Sometimes I forgot how beautiful simple things can be. I think that is one of the best things about art; it can really remind you of the beauty that exists in the simple things and the mundane parts of life. That’s what I love about this series by the German-born photographer Michael Wolf. Shot on the streets of Paris, the work shows little more than the shadows of trees set against the buildings of the street. Yet in his composition and his high-contrast black-and-white he manages to find something effortlessly beautiful in something so banal.
Wolf’s work is frequently interested in contemporary city life. His images of modern cities often feel far less inviting than the work shown here. Through his lens buildings reach near abstraction as they dominate everything around them and themes of voyeurism, privacy and detachment are often seen throughout his practice.
Wolf doesn’t offer an explanation to the meaning behind this work. Considering his previous projects one might view it as an exploration of natures challenged role within the city, or perhaps it could be seen as a study into the small traces of the natural world that remain within our busy cities. Personally I prefer to take a more romantic view of it and see it as a simple celebration of the mundane. For me, these images serve as a reminder that there exisits simple pleasures in the world and its important to take the time every-now-and-again to stop and appreciate these simple things.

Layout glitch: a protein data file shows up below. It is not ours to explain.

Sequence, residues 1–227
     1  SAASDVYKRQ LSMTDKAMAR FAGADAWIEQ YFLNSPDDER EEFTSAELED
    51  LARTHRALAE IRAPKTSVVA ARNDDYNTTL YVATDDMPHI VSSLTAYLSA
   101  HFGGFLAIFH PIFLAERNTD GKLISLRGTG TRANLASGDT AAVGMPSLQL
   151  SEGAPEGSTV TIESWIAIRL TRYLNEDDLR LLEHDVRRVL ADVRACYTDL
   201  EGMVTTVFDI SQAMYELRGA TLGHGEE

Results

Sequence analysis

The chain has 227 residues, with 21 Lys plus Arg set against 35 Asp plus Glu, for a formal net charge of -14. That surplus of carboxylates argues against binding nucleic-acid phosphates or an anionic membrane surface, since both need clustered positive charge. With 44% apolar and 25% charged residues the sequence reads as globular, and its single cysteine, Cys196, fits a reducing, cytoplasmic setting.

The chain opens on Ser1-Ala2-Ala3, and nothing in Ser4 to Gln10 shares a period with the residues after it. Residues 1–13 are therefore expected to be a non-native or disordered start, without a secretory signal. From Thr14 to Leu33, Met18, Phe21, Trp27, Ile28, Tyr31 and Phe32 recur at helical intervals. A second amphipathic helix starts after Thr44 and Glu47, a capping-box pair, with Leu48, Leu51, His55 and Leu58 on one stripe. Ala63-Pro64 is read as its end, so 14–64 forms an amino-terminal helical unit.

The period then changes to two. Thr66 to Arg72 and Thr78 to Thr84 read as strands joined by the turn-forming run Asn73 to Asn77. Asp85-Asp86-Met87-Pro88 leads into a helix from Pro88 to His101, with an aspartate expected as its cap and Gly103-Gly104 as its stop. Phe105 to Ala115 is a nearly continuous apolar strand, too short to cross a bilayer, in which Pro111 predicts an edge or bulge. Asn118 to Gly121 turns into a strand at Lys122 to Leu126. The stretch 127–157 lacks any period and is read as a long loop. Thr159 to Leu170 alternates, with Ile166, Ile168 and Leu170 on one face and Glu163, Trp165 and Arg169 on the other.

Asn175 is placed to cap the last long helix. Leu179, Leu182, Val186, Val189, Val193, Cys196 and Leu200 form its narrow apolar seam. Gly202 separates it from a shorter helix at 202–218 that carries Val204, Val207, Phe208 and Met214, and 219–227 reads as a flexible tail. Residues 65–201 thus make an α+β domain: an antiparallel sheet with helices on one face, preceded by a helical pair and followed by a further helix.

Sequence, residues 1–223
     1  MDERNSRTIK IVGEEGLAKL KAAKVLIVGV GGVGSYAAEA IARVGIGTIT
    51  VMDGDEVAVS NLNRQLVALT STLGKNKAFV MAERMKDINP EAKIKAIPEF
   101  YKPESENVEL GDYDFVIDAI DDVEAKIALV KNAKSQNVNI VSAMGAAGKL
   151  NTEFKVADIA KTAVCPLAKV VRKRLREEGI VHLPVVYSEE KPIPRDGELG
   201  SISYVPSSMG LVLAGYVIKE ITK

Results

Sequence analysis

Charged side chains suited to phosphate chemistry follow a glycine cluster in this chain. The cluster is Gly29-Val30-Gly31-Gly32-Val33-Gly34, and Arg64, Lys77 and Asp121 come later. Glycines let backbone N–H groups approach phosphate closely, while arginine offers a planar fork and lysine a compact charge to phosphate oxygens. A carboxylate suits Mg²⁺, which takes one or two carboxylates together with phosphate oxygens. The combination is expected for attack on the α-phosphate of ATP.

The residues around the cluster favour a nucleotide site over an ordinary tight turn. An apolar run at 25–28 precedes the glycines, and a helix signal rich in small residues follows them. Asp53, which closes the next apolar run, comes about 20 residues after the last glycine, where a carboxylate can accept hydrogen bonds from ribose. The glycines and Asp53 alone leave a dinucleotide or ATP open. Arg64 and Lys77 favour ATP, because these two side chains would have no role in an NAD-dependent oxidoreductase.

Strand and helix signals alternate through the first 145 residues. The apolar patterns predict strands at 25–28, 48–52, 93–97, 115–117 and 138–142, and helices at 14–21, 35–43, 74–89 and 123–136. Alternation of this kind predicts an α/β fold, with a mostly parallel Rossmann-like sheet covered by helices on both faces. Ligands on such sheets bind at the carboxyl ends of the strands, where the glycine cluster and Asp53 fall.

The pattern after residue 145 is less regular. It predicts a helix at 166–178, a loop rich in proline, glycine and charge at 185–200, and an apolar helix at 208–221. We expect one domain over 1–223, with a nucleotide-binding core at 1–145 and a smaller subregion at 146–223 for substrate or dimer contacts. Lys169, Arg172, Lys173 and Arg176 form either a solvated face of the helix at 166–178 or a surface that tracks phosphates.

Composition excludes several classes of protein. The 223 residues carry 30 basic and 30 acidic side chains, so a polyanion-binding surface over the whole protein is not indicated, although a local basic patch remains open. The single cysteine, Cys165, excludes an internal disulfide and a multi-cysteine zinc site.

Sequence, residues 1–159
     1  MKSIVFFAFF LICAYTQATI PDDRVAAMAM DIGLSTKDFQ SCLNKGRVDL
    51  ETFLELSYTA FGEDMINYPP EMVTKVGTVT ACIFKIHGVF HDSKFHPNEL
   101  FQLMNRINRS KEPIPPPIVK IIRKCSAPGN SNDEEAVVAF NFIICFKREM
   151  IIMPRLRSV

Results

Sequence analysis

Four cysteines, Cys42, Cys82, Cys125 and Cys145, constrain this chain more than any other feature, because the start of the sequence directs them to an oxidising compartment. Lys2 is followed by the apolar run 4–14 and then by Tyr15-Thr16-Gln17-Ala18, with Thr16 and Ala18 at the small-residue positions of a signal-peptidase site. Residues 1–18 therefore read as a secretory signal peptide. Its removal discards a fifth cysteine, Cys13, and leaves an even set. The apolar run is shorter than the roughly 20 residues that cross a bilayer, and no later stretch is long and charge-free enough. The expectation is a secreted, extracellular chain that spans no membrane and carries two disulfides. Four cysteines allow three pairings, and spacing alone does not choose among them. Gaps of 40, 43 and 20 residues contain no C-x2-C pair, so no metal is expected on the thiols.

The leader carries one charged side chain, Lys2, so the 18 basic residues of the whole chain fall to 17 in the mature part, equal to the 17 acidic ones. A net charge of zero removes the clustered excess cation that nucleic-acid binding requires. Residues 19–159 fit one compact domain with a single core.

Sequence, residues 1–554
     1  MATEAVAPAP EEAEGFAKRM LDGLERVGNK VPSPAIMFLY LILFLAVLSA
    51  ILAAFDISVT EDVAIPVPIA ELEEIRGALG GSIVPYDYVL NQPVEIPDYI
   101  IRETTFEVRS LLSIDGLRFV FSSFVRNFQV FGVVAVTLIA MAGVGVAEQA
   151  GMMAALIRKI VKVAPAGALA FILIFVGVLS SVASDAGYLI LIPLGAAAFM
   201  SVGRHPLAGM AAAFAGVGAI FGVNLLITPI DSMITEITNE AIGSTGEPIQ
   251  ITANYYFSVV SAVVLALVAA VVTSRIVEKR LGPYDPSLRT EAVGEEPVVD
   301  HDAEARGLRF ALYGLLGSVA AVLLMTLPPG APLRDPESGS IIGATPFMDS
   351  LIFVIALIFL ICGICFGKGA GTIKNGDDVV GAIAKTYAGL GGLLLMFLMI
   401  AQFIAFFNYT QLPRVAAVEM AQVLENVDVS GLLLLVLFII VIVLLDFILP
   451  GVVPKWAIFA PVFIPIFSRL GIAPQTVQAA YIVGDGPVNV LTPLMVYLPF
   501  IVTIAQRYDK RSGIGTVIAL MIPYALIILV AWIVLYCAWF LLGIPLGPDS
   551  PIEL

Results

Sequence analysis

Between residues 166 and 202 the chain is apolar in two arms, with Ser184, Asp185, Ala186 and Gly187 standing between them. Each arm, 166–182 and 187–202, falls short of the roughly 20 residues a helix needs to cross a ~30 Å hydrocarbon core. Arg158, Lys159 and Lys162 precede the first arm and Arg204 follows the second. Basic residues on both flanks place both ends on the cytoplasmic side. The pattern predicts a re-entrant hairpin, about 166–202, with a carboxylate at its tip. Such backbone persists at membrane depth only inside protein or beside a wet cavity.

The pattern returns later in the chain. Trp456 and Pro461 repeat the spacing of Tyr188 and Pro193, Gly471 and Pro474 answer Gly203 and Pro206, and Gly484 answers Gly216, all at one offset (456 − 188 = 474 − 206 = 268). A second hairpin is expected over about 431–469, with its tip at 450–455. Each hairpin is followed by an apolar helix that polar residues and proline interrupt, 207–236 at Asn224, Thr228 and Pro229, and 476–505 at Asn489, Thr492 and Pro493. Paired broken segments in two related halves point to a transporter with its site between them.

You can see more work from Wolf on his website.